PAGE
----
#Progress Report

Feb 8, 2013
3:37 PM
Steve Says:
a concept sketch of a bruiser for sprixelsoft's super hematoma this includes both the inital pose that Matthew Langille and Stephen Tucker agreed on for the male and female fighters

Into The Sweatbox

Wow, it’s been ages since I’ve worked at producing drawings. And now, not only am I jumping back into it after over 6 years of letting my skills slide, I’m stepping outside my comfort zone and putting these rough sketches and concepts into the intertubes! While we hope to make frequent updates to the blog about things other people are doing that are of interest to us, the real reason to have this site is to share what we’re doing with you.


The first game that Matt and I are planning on releasing is a multiplayer fighting game that’s heavily inspired by the old beat ’em ups that we’re calling “Super Hematoma”. It’s in its very early stages right now; we’ve done some discussion on the mechanics we want, some very rough level design… and we’re now at the point where it’s time to leave the world of brainstorming mechanics and to move into actual development. Matt’s currently working up the initial code for the game. Me? Well, in December I sat down and wrote what I hope will be our title screen music using Famitracker. It’s a nice, up-beat tune with a bit of a swing rhythm that I’m going to keep to ourselves just a  bit longer. With a start made on the music though, I’ve now begun pushing into concept and design.


Steve_Work_Setup_Feb_2013 To give you a little bit of info about my current workflow. The computer at the bottom is my dell workstation which I bought when working on my thesis project for school. It continued to serve me well up to the point where I got work in Australia and suddenly needed a new, smaller, portable solution for my computing needs. Up at the top left you’ll see that solution:  a Sony laptop. I’ve typically got them both running simultaneously for the sake of being able to process the NerdsFromThe80’s. I should probably try and find better render settings as each video that I process takes several hours to complete as I’ve done just a little bit of editing on the play-through videos to include both a webcam and the capture, as well as a background. I don’t think I’d be able to do both the play-through videos and make a game if I was reliant on just one computer. But one of the things that’s proving to be rather helpful for doing concept art is that Samsung Galaxy Note 10.1 that’s sitting on the desk.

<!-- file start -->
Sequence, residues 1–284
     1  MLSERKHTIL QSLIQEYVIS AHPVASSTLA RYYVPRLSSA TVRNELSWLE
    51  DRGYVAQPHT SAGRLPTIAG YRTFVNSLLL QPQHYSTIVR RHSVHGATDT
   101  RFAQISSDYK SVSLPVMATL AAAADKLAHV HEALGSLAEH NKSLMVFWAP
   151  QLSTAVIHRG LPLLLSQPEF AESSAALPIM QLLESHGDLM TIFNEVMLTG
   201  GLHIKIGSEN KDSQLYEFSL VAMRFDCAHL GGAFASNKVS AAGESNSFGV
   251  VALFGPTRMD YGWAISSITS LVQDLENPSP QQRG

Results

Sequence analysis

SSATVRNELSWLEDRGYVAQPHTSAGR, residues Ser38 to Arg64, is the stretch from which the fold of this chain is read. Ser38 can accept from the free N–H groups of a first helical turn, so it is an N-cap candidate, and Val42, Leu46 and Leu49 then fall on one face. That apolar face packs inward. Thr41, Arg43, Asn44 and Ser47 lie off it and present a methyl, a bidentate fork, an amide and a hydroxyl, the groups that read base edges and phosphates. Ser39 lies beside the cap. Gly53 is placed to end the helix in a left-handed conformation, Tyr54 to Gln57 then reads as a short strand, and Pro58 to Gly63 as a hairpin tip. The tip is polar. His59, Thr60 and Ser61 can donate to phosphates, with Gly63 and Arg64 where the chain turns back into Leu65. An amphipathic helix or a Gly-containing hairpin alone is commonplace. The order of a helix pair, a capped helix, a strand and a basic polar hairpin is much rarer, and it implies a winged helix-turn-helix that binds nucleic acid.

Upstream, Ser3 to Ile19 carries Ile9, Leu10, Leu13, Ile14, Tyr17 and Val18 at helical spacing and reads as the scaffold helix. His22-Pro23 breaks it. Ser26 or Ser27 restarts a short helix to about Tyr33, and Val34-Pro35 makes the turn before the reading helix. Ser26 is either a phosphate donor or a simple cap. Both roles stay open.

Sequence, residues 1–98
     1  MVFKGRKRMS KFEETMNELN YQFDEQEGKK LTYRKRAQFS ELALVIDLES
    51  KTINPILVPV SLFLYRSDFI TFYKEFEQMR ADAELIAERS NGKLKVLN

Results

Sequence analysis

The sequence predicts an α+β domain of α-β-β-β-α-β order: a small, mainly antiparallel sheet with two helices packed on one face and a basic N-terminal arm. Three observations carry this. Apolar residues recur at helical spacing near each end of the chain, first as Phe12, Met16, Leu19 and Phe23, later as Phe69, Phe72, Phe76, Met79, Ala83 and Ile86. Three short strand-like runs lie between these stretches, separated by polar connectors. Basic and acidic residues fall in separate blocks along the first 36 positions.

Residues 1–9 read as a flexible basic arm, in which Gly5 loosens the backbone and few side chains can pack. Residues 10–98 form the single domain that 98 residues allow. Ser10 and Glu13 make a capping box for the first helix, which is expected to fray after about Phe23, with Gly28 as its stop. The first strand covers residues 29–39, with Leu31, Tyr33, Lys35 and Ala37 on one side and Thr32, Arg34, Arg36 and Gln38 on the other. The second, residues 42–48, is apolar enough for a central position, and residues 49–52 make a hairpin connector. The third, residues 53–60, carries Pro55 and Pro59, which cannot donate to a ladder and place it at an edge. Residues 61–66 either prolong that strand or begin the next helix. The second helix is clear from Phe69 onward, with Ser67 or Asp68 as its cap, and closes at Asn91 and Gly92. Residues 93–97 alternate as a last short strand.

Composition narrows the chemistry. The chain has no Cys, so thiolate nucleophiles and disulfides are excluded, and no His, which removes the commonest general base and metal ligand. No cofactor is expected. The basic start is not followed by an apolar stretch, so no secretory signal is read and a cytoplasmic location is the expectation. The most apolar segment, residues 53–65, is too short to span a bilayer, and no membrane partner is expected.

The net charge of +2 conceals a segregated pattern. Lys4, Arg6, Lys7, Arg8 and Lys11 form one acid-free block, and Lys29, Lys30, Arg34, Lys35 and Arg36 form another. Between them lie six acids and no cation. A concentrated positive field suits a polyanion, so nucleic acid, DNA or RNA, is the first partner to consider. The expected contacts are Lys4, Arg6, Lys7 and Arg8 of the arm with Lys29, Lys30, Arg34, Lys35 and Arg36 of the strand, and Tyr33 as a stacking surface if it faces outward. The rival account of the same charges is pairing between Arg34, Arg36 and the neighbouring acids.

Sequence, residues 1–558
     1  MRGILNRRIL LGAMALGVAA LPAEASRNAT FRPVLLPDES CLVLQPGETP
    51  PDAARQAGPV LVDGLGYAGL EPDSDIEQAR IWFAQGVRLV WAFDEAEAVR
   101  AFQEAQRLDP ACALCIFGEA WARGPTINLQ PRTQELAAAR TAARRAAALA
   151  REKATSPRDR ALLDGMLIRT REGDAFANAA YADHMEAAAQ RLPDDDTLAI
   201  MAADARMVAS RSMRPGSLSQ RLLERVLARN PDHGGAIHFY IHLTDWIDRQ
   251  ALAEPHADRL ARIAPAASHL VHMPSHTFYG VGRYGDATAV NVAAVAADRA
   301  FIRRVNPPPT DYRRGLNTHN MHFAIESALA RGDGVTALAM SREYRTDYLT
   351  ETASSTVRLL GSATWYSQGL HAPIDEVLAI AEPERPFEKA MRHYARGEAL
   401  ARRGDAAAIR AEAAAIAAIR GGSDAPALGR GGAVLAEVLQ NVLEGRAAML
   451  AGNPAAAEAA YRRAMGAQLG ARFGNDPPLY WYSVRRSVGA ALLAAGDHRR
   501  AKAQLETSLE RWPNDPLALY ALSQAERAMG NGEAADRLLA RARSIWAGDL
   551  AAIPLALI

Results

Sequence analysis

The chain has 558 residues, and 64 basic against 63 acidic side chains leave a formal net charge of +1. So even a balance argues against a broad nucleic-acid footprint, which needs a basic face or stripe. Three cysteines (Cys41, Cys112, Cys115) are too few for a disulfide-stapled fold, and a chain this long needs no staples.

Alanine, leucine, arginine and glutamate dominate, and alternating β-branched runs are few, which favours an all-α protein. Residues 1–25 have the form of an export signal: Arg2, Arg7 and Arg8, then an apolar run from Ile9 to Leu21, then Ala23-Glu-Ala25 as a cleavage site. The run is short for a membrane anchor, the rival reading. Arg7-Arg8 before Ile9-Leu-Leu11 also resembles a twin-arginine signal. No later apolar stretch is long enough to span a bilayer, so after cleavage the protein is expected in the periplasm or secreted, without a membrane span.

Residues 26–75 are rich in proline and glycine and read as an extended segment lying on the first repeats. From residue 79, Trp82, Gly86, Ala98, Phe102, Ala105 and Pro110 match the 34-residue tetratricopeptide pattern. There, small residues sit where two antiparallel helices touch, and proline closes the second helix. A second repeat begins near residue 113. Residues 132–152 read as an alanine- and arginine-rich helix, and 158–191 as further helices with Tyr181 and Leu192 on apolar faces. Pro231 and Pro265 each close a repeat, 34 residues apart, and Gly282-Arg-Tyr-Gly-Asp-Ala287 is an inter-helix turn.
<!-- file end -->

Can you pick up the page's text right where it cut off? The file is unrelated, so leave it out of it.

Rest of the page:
I’ve never had the luxury of owning one of these, but I have used the more affordable little cousin; the Intuos. And while they’re great for doing digital paintings, I generally have a difficult time trying to draw with them due to the disconnect between the hands and eyes, and the fact that it’s not really doable to deal with rotating the surface you’re drawing on to facilitate the curves that you want to draw. I managed to score a free Galaxy Note from a contest that Samsung was running on Twitter however, and have to say I’ve been pleased with incorporating it into my workflow. Aside from checking my email before I’m out of bed in the morning, or games of Super Hexagon, I picked up an app called LayerPaint which is a pretty great drawing app. It creates Photoshop files (with layers) so you can experiment with things on multiple layers if you want, and then if you want to start doing more in-depth work, you can move the file onto your computer and work with it some more there (or even bring it back to the tablet after to continue working on your lines) The response time isn’t perfect between the stylus and the tablet, but you do have the option of preventing automatic screen rotation in the OS and then you’re welcome to treat it as you would a sheet of paper: turning it as you choose to help get better curves in your lines. It also seems to ignore my hand resting on the screen reasonably well.


It’s appalling that Wacom continues to charge so much for access to their Cintiqs.


So here, in no particular order, are some of the rough sketches that I did this week trying to design of our characters, which we’re going to refer from this point on as “Bruisers”.

We’re planning on doing a 16-bit pixel art style with the game, and hopefully we can provide some options for customizing the player’s Bruiser such as switching the hair, eyes, clothing, or even the attack style.